Mental Health and COVID-19

An informative editorial in the Lancet published October 10, 2020 fears that the investment in mental health has just not happened. They cite the theme of this year’s World Mental Health Day on October 10 which had increased investment in mental health, why invest and why now? – the answer is simple at the best of times good mental health is needed for society to thrive.

During this pandemic good mental health is even more important.

Without a focus on mental health, any response to COVID-19 will be deficient, reducing individual and societal resilience and impeding social, economic and cultural recovery.

The editorial goes on to cite that 2020 has been a difficult year for mental health – the threat of infection – repeated lockdowns – social isolation – economic uncertainty had created widespread fear and anxiety.

A rapid review published in the Lancet showed the negative psychological effects of enforced quarantines – many people who previously thought themselves unaffected by mental health issues have discovered that they, too are vulnerable.

Those with pre-existing mental health conditions have often found their difficulties increased.

The precise neurological and psychiatric consequences of infection, meanwhile, remain unknown, but demand careful monitoring.

However, what investment is needed from governments and non-governmental organisations to mitigate the mental health impact of COVID-19 and more importantly, to improve mental health globally?

In 2018, the Lancet Commission on global mental health sustainable development, identified mental health as an essential component of the universal health coverage and provided recommendations to improve mental health.

Unfortunately, despite commitment from world leaders to include mental healthcare in universal health coverage as part of the sustainable development goals in 2015, this pledge was not translated into reality.

Universal health coverage should have provided a lifeline for those trapped in the vicious cycle of economic hardship and poor mental health, where poverty is both a contributing factor to mental health problems and a barrier to accessing services that might help.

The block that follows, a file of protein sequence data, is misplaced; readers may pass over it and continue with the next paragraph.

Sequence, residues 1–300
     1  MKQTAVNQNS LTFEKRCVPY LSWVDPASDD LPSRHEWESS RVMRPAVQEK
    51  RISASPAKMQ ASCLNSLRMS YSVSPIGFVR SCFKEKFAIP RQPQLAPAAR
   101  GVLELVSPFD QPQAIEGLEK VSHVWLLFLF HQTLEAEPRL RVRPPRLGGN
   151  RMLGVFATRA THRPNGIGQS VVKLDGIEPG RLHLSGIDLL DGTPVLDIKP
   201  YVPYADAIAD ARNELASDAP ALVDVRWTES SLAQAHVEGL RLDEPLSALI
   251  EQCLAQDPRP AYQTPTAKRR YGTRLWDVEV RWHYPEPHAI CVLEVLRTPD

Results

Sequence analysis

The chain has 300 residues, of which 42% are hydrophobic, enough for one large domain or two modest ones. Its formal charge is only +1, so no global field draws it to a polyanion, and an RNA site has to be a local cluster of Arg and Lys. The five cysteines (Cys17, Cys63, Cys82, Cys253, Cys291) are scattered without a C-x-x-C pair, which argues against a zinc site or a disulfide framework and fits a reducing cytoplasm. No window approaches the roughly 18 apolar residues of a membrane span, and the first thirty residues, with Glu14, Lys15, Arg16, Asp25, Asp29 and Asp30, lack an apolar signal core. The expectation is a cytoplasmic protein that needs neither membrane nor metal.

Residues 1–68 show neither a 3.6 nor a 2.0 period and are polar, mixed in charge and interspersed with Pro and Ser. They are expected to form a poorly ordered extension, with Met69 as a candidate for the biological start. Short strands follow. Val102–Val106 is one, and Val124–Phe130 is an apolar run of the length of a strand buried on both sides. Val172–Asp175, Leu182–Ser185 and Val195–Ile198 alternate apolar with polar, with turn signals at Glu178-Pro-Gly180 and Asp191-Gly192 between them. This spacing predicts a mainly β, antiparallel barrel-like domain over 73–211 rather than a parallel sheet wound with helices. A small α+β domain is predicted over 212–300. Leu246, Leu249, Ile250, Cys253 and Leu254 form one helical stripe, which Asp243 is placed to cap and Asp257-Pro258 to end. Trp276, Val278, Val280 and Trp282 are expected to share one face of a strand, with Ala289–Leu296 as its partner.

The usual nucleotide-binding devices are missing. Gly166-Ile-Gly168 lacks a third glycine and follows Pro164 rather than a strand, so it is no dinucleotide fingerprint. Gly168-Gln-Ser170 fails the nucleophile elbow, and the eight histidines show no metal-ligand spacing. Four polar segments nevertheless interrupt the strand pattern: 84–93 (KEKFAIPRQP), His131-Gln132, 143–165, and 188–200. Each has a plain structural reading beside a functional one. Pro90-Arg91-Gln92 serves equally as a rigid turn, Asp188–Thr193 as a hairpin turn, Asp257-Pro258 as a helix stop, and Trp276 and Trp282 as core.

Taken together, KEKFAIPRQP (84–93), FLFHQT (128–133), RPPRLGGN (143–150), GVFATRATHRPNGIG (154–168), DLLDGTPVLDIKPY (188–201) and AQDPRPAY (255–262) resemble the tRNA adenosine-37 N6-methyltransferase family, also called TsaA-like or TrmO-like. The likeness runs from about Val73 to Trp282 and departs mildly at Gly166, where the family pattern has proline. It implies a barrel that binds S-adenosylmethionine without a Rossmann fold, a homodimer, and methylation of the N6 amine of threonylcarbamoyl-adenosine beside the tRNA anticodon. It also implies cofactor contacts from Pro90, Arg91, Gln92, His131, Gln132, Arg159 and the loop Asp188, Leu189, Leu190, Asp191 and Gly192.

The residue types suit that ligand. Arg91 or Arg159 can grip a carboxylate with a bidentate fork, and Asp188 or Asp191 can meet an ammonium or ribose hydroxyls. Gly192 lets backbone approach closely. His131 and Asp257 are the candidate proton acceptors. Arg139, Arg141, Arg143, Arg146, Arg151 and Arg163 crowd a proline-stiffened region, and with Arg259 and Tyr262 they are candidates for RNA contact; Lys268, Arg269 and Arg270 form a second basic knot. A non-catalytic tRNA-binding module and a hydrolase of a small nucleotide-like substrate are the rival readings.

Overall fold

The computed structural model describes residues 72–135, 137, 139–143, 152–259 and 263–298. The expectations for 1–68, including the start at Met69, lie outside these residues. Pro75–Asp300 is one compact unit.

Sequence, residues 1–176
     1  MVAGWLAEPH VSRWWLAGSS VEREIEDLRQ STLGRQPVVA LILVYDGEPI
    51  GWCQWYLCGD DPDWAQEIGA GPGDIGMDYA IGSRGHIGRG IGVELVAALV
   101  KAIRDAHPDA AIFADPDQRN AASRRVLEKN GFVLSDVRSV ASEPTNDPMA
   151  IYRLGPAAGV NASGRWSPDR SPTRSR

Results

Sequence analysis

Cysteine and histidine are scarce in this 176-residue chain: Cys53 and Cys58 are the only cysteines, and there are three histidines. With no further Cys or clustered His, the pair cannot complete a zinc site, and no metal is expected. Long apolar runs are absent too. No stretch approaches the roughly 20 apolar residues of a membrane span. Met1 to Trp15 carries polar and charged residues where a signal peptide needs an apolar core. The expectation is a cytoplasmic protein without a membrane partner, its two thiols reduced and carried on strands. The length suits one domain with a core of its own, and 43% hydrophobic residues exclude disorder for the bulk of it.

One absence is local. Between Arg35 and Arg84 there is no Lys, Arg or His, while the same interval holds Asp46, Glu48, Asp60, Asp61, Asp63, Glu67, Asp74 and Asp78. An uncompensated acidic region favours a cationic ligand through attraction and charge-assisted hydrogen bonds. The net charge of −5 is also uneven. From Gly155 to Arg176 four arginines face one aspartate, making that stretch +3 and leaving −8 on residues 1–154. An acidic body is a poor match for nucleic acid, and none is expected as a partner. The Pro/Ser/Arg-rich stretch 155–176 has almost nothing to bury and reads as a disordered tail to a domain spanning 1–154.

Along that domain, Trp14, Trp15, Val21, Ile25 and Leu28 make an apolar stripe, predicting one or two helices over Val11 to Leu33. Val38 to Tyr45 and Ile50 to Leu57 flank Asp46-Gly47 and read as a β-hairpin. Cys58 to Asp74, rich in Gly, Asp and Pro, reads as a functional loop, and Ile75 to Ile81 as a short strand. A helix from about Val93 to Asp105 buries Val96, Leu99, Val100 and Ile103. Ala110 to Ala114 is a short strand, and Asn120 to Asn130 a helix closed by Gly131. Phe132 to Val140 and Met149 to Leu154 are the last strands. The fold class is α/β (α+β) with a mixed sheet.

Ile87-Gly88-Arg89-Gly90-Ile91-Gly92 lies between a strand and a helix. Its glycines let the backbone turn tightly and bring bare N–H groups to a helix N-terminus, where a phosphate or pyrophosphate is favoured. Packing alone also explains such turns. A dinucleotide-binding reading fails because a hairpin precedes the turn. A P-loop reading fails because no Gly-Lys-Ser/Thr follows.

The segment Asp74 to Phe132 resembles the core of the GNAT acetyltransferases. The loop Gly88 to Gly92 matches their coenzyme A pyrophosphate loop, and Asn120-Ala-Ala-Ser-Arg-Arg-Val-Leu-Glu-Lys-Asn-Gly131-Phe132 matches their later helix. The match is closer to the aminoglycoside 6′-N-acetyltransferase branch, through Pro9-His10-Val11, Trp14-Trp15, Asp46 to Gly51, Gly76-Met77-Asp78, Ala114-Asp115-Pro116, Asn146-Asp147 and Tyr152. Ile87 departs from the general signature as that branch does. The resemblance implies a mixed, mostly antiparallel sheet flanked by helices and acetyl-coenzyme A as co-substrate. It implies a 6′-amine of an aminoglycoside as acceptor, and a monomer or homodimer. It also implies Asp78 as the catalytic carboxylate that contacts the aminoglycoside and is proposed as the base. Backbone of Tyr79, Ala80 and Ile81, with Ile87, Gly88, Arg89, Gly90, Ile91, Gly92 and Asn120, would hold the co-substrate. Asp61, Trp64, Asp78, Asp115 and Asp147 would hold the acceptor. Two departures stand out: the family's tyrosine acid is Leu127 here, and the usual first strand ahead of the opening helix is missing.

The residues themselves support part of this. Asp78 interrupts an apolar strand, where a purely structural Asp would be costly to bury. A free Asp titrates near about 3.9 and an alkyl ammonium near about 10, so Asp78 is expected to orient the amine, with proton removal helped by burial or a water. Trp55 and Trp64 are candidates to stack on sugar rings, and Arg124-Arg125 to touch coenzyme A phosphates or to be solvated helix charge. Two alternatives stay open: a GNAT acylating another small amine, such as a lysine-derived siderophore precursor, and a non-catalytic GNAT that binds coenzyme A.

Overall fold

Great strides have been made in the delivery of telepsychiatry over the past 10 months. This telepsychiatry, however, needs to be used in an intelligent, targeted manner which also provides the appropriate support rather than being a cost saving, one size fits all measure that risks exacerbating health inequalities or inadvertently reinforcing social isolation.

According to a WHO survey, people with pre-existing severe and enduring mental health conditions have been most affected by COVID-19 related disruptions of the mental healthcare systems.

Other vulnerable groups include children and adolescents, many of whom have been impacted by school, colleges, stretched health systems, restricted access to nutritious food, breakdown in family relationships, neglect and abuse. Older adults have also been vulnerable – many with pre-existing health conditions are terrified and lonely, afraid of infection, dying and losing family members while physically distanced from loved ones and peers.

Finally, there are the healthcare workers themselves who also face a greater risk of infection, stigmatisation and stressful workloads, with the attendant psychological repercussions. Investment in mental health is also about investment in healthcare workers.

The economic argument for investment in mental health services is clear and has been made many times, but there is also the ethical imperative for investment, both to readdress historic wrong done to vulnerable communities, and to right current inequities.

On the global scale, this strategy involves the empowerment of individuals and communities, the admission that high income countries have much to learn from the innovations of low income and middle income settings, and the recognition of the central role of mental health in global health security now and in the future.

The editorial goes on to suggest that investment must be about more than just money if mental health services are to be made fit to address the challenges of the COVID-19 and post COVID-19 era and to become resilient against future public health crisis. This investment requires thought, time and a commitment to change.

The London General Practice recognises the decrease in mental health of patients from all spheres of society. It encourages patients to come forward and consult either face-to-face or with video consultations so that appropriate services can be offered to those who are vulnerable.

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